Easily recognized by their short tails and wild-like appearance, the American Bobtail Cat is climbing the ranks of the country’s most popular cat breeds. They’re a relatively new breed compared to longtime favorites like the Siamese and Norwegian Forest Cat, but these well-muscled cats with their “bobbed” tails are making a mark of their own. Not to be confused with the Manx cat or Japanese Bobtail Cat, the American Bobtail has a unique history and friendly personality.
Want to learn more about the American Bobtail Cat? Check out this list of interesting facts about these feral-looking house cats.
The Trials of Developing a New Breed
While cats with naturally short tails likely existed in different pockets around the world for centuries, the American Bobtail Cat is a unique breed with an interesting past. The generally accepted history lesson is that this short-tailed breed is modeled after one randomly-found stray named Yodie.
John and Brenda Sanders were vacationing at an Arizona motel in the 1960s when they found Yodie seemingly abandoned from a nearby Native American Reservation. Yodie didn’t look like any of the other stray cats the couple had seen. He had a wild appearance and a bobbed tail that made him look like he was at least part wild bobcat. Despite his appearance, he was exceptionally friendly. The couple fell in love and decided to bring Yodie home to Iowa.
Yodie made himself at home and later impregnated the couple’s seal point Siamese cat. To their owners’ delight, that litter resulted in some kittens with regular tails, and several with short tails like their dad. This proved that Yodie’s bobbed tail was not the result of an injury, but a dominant gene mutation. It also solved the mystery of Bodie’s parentage. He could not have been half bobcat, because that kind of interspecies mingling would have resulted in a sterile offspring.
Smitten by Yodie and his first litter of kittens, the Sanders attempted to create a new breed of short-tailed cats. Due to inbreeding, however, Yodie’s original line was unhealthy. It wasn’t until the 1970s that reputable breeders made an effort to breed more cats like Yodie. They found other bobbed-tailed cats around the country to match their idea. They included genetic diversity and based the breeding on overall friendliness, tail length, and wild appearance.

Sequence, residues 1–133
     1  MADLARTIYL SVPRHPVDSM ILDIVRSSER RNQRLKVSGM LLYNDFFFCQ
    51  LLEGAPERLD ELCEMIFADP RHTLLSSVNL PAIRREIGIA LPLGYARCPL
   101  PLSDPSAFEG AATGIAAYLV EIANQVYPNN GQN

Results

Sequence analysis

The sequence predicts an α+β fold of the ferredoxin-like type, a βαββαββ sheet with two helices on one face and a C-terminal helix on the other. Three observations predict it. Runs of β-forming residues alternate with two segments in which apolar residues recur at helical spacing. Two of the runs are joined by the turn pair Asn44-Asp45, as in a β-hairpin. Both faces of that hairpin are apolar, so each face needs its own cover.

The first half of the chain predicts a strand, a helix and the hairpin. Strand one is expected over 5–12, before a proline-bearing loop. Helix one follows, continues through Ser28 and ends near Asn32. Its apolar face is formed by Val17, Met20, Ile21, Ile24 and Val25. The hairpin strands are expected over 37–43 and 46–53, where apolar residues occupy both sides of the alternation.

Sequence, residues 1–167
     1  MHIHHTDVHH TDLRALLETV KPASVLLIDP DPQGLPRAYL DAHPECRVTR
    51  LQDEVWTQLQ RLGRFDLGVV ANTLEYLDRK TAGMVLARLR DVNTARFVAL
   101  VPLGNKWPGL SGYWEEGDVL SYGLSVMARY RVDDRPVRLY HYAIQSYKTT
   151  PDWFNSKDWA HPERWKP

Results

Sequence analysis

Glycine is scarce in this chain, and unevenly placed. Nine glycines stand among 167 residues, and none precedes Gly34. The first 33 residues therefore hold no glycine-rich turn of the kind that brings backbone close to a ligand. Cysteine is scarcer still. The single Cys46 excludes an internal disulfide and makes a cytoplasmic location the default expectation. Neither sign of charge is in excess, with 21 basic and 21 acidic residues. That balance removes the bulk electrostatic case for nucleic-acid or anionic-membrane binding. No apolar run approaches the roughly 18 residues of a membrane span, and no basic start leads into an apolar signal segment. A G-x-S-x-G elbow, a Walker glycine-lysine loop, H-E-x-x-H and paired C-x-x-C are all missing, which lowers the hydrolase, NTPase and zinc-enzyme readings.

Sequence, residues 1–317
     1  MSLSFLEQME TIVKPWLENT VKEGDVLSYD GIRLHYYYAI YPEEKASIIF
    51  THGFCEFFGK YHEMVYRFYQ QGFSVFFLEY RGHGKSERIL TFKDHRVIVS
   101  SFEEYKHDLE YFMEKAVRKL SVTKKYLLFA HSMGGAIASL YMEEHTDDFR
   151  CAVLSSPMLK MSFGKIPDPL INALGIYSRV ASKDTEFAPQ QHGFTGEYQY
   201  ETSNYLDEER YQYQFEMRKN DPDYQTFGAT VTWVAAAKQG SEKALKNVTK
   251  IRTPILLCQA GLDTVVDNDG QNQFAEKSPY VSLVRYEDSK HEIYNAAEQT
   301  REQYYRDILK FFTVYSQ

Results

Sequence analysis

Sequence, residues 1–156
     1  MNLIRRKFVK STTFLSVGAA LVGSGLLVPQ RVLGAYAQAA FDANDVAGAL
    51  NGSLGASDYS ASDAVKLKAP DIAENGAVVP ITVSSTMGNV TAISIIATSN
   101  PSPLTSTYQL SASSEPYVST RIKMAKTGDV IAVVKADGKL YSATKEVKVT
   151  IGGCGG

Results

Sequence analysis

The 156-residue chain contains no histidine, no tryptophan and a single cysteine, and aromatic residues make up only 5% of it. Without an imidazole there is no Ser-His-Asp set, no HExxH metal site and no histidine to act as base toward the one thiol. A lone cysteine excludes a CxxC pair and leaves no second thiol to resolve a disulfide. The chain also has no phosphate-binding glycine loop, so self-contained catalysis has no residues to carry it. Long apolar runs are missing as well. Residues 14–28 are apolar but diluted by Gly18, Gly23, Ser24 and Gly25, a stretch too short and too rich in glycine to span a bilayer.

With time, they developed the breed that is today known as the American Bobtail Cat.
Breed Fact: According to the Cat Fancier’s Association, no recognized pedigreed cats were used in the development of today’s American Bobtail.
A Tail Like No Other
We can’t talk about the American Bobtail without going into detail about their most unique characteristic. In general, an American Bobtail’s tail is about one-third to half the length of a normal cat’s tail. They’re just long enough to peek over the cat’s hind end when alert.
Typically thick at the base, their tails are surprisingly flexible and can be straight or slightly curved. Some tails are also kinked or have bumps.
While it is possible for a litter of American Bobtail kittens to include a kitten or two with a normal length tail, those cats are not accepted by the breed standard. And unlike the Manx cat, none of the kittens will be born with no tail at all. It’s a dominant gene that can result in tails of different length, but there is always a tail.
A Breed With Every Color and Coat Pattern
Besides their bobbed tails, American Bobtail Cats are recognized by a feral-like appearance. They have broad chests and are overall well-muscled. Their eyes are set into what’s referred to as a “hunter’s gaze” that enhances their similarities to the wild bobcat.
While breeders tend to prefer coat colorings that contribute to a wild look, all colors and coat patterns are accepted. American Bobtails can also be either long or short-haired. For the long-haired cat, it can look like they’re sporting mutton chops along with longer hair on their upper hind legs. Couple that with their tufted ears and toes, and you have a beautiful cat that looks like it could survive in the wild.
A Friendly House Cat
The American Bobtail looks like it belongs in the wild. But these friendly felines are typically lap cats that adore people. They’re often described as playful and confident and are happiest when they’re spending time with family. Unlike more timid cats, an American Bobtail is more likely to greet guests at the door than hide under the bed. They’re not overly active, but they’re social beings that aren’t afraid to trill and chirp when they’re pleased.
Breed Fact: While every cat is different, a lot of American Bobtails are easy to train. They can be trained to walk on a leash and make great adventure cats, accompanying their families on hikes and vacations.